When the University of Minnesota is involved, councilmember Jacob Frey isn't shy

City Council member Jacob Frey speaks to the press Friday in Dinkytown about being safe after Saturday's Gophers men's hockey team's NCAA championship game. (Photo by Bridget Bennet)

Jacob Frey has already made a noticeable mark on Minneapolis and the University of Minnesota, even though he’s been a City Council member for less than four months.

Frey, who as Ward 3 City Councilman represents neighborhoods around the University, took office in January and said his new role has strengthened the city’s ties with the institution.

This budding relationship is new and beneficial for the two stakeholders, he said. Although the partnership existed before, Frey said his time in office has deepened the connection, and University officials agree.

Specifically, Frey said he’s kept a close eye on Dinkytown development, the Central Corridor light rail project, TCF Bank Stadium construction and crime prevention efforts around campus.

University community relations director Jan Morlock said she talks with Frey’s office at least once a week about how the city and the University can work together more effectively — by increasing collaboration between University and Minneapolis police departments, for example.

“There’s a realization by the city and the University that they’ve got to work together on a problem that affects both of them,” said Humphrey School of Public Affairs political science professor Larry Jacobs.

Frey joined University administrators last Friday at a press conference addressing rowdy Dinkytown crowds after the previous night’s NCAA Frozen Four semifinal victory.

Frey said he was pleased with how the city and University law enforcement officials responded to the incident, but he noted that hockey fans can celebrate without “beating the hell out of property.”

Guiding change

Development in the University area is another issue on Frey’s radar.

The Venue, a new Dinkytown apartment complex, is set to open by fall 2014. Frey said he’s watching that project closely.

“Dinkytown is hot,” he said. “There are developers who are chomping at the bit to do some impressive projects.”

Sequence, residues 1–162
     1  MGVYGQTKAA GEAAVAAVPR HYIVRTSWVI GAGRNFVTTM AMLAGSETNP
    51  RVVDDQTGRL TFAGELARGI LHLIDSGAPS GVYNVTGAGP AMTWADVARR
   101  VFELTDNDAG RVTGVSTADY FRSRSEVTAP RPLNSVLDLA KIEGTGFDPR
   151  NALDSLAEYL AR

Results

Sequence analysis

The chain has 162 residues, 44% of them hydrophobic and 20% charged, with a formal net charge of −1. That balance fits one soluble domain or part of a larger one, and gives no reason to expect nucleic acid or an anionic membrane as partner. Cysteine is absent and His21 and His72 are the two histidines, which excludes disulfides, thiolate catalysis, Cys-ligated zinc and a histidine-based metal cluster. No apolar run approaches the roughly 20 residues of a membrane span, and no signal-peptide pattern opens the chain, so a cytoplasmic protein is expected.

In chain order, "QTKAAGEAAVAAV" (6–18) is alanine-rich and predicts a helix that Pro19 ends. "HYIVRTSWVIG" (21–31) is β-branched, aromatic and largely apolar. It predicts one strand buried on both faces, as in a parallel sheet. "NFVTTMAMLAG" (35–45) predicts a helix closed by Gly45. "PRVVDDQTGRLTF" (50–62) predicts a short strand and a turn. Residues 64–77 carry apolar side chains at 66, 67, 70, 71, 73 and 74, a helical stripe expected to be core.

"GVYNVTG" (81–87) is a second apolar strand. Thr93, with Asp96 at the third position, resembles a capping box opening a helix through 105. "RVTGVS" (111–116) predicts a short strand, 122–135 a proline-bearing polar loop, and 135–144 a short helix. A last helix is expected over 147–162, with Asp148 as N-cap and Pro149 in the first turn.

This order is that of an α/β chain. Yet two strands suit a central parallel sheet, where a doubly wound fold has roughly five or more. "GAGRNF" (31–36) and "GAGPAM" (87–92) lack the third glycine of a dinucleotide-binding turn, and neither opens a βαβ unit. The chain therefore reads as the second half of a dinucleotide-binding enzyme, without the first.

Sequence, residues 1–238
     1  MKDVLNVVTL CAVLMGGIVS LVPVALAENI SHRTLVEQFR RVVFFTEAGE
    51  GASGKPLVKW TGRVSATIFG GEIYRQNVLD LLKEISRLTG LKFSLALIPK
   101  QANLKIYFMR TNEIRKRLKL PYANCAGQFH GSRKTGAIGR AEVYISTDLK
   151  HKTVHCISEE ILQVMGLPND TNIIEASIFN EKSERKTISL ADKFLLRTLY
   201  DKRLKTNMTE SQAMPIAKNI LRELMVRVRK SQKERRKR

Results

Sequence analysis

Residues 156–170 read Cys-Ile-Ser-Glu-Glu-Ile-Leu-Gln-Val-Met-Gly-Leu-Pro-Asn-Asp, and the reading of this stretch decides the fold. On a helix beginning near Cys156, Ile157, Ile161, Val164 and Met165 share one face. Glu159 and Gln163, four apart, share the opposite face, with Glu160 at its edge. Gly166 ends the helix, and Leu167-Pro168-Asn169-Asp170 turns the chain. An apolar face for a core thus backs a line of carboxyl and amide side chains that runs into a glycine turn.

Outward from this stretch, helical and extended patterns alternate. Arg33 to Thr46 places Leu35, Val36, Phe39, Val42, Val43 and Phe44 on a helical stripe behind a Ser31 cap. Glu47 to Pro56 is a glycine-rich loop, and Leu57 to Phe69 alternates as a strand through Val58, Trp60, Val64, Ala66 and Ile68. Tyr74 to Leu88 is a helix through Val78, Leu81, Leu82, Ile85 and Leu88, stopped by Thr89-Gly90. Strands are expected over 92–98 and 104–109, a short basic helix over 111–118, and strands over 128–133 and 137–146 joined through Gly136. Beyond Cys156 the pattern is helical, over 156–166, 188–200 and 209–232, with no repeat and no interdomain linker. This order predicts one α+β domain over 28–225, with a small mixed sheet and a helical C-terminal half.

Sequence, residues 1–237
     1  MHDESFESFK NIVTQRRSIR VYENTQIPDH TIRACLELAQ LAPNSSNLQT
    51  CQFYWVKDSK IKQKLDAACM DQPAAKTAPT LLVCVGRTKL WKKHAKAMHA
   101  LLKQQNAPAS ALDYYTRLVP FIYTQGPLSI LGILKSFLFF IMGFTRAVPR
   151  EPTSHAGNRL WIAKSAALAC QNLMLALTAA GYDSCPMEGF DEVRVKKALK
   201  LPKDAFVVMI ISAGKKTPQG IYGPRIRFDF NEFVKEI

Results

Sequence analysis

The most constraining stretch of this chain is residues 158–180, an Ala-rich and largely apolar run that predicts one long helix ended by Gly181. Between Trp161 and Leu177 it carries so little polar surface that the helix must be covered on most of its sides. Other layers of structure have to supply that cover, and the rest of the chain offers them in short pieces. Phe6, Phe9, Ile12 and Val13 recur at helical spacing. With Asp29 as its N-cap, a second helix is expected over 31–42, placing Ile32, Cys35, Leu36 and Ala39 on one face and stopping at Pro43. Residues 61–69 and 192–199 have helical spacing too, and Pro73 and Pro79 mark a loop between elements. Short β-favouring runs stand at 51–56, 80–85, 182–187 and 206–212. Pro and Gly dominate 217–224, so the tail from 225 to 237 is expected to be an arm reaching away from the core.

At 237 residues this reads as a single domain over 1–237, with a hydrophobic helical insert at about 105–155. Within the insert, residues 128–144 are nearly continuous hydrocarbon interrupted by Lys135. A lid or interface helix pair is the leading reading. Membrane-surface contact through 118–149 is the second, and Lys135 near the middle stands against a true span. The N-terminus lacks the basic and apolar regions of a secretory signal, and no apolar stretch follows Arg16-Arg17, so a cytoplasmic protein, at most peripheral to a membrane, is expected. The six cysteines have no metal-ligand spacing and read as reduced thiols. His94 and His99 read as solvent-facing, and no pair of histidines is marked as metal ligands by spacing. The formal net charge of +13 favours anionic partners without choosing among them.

Frey fills one of the city’s three seats on the University District Alliance, a group of city, University and community leaders that meets to discuss the needs of campus-area neighborhoods.

University-relevant transportation projects are also surfacing on the city level, including the light rail launching June 14.

Once it opens, Frey said, the easy commute will make jobs downtown more attractive to students.

The University area will see more changes this summer in preparation for the Minnesota Vikings’ arrival in the fall. The team will play at TCF Bank Stadium, which Frey said will benefit local businesses.

Beyond the University, Frey has focused on desegregating neighborhoods by revamping city regulations to allow for a mix of housing stock.

He’s also had a hand in financing a downtown park, changing city code to allow ridesharing companies to operate in Minneapolis and securing funds for a new school in the North Loop neighborhood.

“I think Jacob brings a spirit of engagement,” Morlock said. “It’s a good sign for [the University’s] future partnership work with the city.”

‘Spring training’

The learning curve for new City Council members is steep, Jacobs said, adding that some new council members are struggling to reconcile the promises they made on the campaign trail.

Seven of the 13 members were elected this year, and many are new to holding public office.

“I see this as really an adjustment period,” Jacobs said, calling it “spring training.”

New members have to get up to speed with current city projects, he said, which could potentially reverse plans that have been unfolding for years with informal city approval.

For example, the 2014 City Council denied Doran Companies a permit to demolish properties in Dinkytown, which Jacobs said affects the long-term plans of stakeholders involved.

“Now [developers] are pretty confused,” he said. “They don’t really know where the City Council is going.”

Ward 5 City Councilman Blong Yang, who’s also in his first year on the council, said it takes time to learn city government and how to work effectively with city departments.

Learning quickly is part of the job, Frey said, and despite the challenge, the rewards outweigh the struggle.

“It’s been an absolute whirlwind,” he said.

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